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Look at Rice as if she were in your party

Detroit Free Press November 23, 2001


If she weren't a Republican, we black folks would be praying for her strength and celebrating how happy the elders must be looking down on her.

Just imagine, a little black girl who grew up in segregated schools in Birmingham, Ala., who became provost at Stanford University.

Who became a figure skater.

Who became a concert pianist.

Who speaks four languages, including Russian.

But since she is a Republican, Condoleezza Rice is not getting her due.

We can be so partisan sometimes that we forget to celebrate the monumental.

And Rice's role in government is monumental.

The 47-year-old national security adviser, the first woman and African American ever to hold the post, is a buoy in the middle of a storm -- constant, assured and the reason I have been less worried about the decisions that President Bush has had to make since Sept. 11.

It was so easy to be dismissive of Bush and his entire cabinet in the weeks after the November election, an issue that seemed so important then and so incidental now.

November 2000 was a lifetime ago, 4,000 lifetimes ago.

Now, we praise Colin Powell as African Americans' greatest hope for a national leader who looks and behaves like us, despite his party. But we forget that Powell isn't the only black person who has the president's ear. As a matter of fact, according to news reports, Rice is closer.

Hard worker

We've paid little attention to the seasoned intellectual, and that's a shame, because she is an expert on the former Evil Empire that we now play nice with and she has the hardest job in the world, according to those who know.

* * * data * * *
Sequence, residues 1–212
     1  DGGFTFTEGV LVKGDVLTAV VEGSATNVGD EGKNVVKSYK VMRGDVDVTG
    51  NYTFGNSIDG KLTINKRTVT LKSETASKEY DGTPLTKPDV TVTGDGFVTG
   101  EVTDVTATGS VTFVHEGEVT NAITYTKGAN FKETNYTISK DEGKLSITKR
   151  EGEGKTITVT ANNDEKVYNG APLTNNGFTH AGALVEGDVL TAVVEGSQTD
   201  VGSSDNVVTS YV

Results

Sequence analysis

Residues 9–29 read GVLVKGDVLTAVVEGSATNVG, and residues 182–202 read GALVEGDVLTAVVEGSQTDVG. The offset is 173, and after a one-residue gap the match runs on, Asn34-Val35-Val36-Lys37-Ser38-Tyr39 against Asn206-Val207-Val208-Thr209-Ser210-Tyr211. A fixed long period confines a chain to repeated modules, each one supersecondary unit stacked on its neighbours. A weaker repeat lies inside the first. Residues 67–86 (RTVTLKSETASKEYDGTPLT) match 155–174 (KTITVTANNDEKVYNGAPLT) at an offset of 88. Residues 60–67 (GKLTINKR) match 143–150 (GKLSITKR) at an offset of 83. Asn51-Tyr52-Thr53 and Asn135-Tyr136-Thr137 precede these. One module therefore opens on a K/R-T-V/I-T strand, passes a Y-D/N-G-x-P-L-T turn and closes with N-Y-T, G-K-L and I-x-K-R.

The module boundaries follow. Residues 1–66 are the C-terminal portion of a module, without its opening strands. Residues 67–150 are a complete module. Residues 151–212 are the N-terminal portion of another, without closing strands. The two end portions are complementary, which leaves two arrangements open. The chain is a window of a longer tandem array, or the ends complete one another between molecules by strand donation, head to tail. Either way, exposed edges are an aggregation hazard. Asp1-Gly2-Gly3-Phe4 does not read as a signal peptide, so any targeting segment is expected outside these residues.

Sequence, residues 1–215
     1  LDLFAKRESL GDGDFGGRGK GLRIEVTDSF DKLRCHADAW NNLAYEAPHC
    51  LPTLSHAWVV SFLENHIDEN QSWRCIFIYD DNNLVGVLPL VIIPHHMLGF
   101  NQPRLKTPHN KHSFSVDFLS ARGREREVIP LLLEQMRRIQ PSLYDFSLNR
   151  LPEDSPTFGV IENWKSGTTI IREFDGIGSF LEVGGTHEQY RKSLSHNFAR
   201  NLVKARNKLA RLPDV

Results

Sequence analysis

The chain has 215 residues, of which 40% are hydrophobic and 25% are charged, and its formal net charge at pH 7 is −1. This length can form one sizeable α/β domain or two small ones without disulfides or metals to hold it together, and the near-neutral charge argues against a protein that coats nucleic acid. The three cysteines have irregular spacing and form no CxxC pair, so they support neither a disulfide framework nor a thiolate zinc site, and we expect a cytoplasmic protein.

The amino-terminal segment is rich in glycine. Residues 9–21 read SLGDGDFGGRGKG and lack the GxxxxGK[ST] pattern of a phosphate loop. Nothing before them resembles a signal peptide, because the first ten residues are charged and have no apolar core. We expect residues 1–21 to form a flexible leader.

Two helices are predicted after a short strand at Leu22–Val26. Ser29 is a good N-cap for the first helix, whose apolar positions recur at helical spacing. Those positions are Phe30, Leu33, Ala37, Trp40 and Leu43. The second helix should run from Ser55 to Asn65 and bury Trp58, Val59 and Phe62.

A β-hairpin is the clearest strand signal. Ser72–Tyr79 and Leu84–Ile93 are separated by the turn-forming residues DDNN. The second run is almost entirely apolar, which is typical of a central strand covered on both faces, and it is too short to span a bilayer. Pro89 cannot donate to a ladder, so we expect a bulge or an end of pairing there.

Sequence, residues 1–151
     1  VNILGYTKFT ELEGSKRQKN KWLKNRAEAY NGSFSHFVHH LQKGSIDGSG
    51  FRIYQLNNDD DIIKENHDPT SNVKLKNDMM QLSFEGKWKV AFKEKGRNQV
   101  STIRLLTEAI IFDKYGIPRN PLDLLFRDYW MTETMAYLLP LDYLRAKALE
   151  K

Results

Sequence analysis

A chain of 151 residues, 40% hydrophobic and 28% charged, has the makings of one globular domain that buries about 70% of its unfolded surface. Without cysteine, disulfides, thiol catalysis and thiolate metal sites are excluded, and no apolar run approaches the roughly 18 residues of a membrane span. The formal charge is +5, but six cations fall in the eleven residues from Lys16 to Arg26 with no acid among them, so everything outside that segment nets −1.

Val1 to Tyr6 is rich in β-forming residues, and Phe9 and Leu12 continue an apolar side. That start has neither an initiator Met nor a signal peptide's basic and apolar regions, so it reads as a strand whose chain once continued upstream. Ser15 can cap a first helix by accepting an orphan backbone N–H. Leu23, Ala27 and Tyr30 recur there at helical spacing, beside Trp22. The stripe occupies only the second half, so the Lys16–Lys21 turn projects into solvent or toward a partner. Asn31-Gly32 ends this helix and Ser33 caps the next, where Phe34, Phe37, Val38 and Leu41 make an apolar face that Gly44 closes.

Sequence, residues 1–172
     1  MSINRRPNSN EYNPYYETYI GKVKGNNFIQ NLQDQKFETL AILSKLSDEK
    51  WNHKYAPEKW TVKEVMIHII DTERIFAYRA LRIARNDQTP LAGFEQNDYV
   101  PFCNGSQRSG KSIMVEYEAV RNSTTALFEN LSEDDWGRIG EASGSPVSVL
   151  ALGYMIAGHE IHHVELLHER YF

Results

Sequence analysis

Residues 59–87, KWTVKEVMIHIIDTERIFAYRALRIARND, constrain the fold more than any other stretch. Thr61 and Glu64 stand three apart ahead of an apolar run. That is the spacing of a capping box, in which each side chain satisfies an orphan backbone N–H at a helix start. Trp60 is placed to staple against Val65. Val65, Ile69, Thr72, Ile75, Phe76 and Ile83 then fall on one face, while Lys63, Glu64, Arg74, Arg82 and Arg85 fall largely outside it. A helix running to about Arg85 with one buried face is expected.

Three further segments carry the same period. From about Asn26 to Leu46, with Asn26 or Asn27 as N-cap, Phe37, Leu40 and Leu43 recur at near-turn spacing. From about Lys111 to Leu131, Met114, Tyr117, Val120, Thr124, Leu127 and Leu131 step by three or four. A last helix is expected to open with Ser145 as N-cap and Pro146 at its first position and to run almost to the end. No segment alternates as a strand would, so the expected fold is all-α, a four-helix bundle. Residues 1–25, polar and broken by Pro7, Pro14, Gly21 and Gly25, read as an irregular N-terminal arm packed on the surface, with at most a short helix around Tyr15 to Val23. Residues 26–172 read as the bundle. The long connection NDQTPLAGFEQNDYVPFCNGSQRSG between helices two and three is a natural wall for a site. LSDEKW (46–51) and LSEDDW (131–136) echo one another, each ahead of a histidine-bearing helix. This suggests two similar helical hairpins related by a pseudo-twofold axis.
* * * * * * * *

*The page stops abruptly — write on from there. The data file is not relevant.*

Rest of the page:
Oh, it's OK to say it. We know how hard it is. She has to explain foreign policy to a former Texas governor whose struggle with global affairs and pronunciation of foreign countries has been the butt of jokes.

Rice has had to synthesize and lay out in layman's terms the crux of centuries-old beliefs and battles. And she's had to do it on the run.

In the weeks since Sept. 11, it has been Rice taking the podium at press conferences to discuss the current state of affairs. Her ability to mold a maelstrom into manageable storms has never been more needed than at a time when its citizens are getting a lesson on foreign terrorists.

Last year, "The Nation" said Rice would be "rock-star big." That she hasn't says more about our inability to let go of politics than her place in history.

Give her credit

A woman called me this week, madder than hell that Bush appointed a homeland security czar when he already had a national security adviser. I shared her thoughts with an insightful colleague who reminded me that the national security adviser's job is bigger than terrorism.

National security is more than making sure we can fly safe and open our own mail.

It has been, since it was created by President Dwight Eisenhower in 1953, the position held by the president's go-to person on global affairs.

If former Pennsylvania Gov. Tom Ridge had been named anti-terrorism czar, much as we've had drug czars in the past, maybe that woman wouldn't have thought Rice was being shafted.

More important, if Rice was working for Al Gore, then the nation's first black national security adviser might be on posters and on our tongues.

Maybe we need to take another look.

And celebrate achievement, not lament defeat.

-- (, December 18, 2001



-- Cherri (, December 18, 2001.

I agree with that.

-- Peter Errington (, December 18, 2001.

Condoleeza Rice is an impressive woman and we will welcome her to the Democrats when Jim Jeffords recruits her. In the meantime, we have Mary Frances Berry and Joycelin Elders!

-- (Algernon C. Braithewait III @ Cambridge.MA), December 18, 2001.

Elders? A woman who made even the TV couch crowd question the "woman" thing? You got hair my friend.

-- Carlos (, December 19, 2001.

Yep, she's intelligent and talented, but unfortunately that is all being wasted because she made some bad decisions. Working for the oil industry was a major mistake, but the biggest mistake she ever made was deciding to support the Bush administration and his agenda. Serious lack of judgement.

-- (what @ shame.), December 19, 2001.

You go girl!

-- (Michelle, December 19, 2001.

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